Episode 002 – the one with the Idle Women and the curse of Rosie and Jim.

In the second episode of Up the Cut I speak with dramatist, performer and boater Kate Saffin. Kate has lived on her boat since 2009 and is currently a constant cruiser. I travelled to Banbury, site of the historic Tooley’s boatyard, where she was waiting to go into dry dock for blacking.

We spoke about the work of the Alarum Theatre company and in particular Idle Women of the Wartime Waterways, a performance piece about the women who came to the canals in the Second World War to crew workboats. The show toured the Grand Union on historic workboat Tench for 15 week’s during 2017, following the route the women would have taken during the war, and its success means that it will tour again in 2018.

The recording became victim of the curse of Rosie and Jim for the first time, so there’s a bit of a break in the recording while I erased previous recordings from my digital recorder.

While in Banbury I also visited the lock which had been drained for gate replacement; as is now customary, Canal and River Trust were holding an open day at the lock and visitors were able to go down onto the floor of the lock.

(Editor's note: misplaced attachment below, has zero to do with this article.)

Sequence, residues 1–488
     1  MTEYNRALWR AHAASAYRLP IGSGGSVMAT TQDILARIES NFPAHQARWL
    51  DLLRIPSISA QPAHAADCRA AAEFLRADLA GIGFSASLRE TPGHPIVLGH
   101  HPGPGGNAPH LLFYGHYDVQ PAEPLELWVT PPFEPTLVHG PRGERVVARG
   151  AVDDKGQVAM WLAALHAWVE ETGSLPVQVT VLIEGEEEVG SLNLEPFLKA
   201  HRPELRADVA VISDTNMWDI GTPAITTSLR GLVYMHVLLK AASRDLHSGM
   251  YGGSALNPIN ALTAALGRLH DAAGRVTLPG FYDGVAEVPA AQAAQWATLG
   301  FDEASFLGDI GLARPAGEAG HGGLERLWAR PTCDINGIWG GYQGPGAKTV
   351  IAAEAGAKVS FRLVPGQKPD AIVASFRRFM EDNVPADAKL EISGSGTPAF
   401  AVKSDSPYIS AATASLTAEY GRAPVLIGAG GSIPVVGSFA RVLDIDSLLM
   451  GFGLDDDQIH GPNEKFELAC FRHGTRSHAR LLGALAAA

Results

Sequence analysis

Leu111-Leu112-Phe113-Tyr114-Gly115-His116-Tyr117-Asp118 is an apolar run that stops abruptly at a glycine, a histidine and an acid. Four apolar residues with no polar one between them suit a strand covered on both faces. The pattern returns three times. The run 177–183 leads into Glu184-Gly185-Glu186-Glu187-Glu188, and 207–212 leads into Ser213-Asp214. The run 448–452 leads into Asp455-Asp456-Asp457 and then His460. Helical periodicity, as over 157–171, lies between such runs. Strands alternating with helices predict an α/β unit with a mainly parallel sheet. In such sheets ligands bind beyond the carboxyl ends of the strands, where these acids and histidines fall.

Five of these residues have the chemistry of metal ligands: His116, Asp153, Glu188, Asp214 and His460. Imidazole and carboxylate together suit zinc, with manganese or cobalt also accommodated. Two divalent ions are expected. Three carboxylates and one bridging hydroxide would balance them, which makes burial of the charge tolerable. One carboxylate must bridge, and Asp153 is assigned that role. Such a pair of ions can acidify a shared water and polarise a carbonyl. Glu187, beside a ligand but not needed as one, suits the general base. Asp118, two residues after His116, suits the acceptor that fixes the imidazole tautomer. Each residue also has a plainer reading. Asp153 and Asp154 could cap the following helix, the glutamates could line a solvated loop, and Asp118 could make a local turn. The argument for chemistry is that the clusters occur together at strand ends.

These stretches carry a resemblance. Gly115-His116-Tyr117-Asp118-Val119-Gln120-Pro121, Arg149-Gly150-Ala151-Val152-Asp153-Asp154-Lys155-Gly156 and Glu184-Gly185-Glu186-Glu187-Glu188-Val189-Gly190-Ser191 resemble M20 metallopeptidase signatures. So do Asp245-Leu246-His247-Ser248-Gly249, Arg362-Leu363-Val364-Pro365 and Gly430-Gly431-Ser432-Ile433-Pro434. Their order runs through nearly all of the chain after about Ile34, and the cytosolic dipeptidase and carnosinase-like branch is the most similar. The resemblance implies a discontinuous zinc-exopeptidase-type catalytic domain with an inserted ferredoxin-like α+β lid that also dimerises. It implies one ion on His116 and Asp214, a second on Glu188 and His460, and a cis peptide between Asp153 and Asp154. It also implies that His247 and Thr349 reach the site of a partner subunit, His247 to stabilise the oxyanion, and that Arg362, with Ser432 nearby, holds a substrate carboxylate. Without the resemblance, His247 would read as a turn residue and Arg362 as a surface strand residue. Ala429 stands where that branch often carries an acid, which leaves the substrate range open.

Banbury:

20171118_103841

Kate Saffin:

20171118_151945

Tea and Cake at Tooley’s:

20171118_145531

The dry dock at Tooley’s:

20171118_155712

The floor of Banbury lock. During WW2 the lock received a hit from a Luftwaffe bomb. The lock gates were not destroyed, saving the town from flood, but the lock floor was damaged and to expedite rapid return to use was repaired with concrete for much of its length rather than bricks:

20171118_152203

The old gates:

20171118_155000

Episode links:

Up the Cut Episode 002 on Overcast (cross platform)

Up the Cut Episode 002 on the Stitcher app (cross platform)

Up the Cut Episode 002 on the Apple podcast app

Up the Cut Episode 002 on Libsyn web player

Alarum Theatre Company

Alarum Theatre YouTube

Alarum Theatre on Facebook

Tooley’s Boatyard on YouTube

Banbury Lock open days on YouTube (Canal & River Trust)

Leave a Reply

Fill in your details below or click an icon to log in:

WordPress.com Logo

You are commenting using your WordPress.com account. Log Out /  Change )

Google+ photo

You are commenting using your Google+ account. Log Out /  Change )

Twitter picture

You are commenting using your Twitter account. Log Out /  Change )

Facebook photo

You are commenting using your Facebook account. Log Out /  Change )

Connecting to %s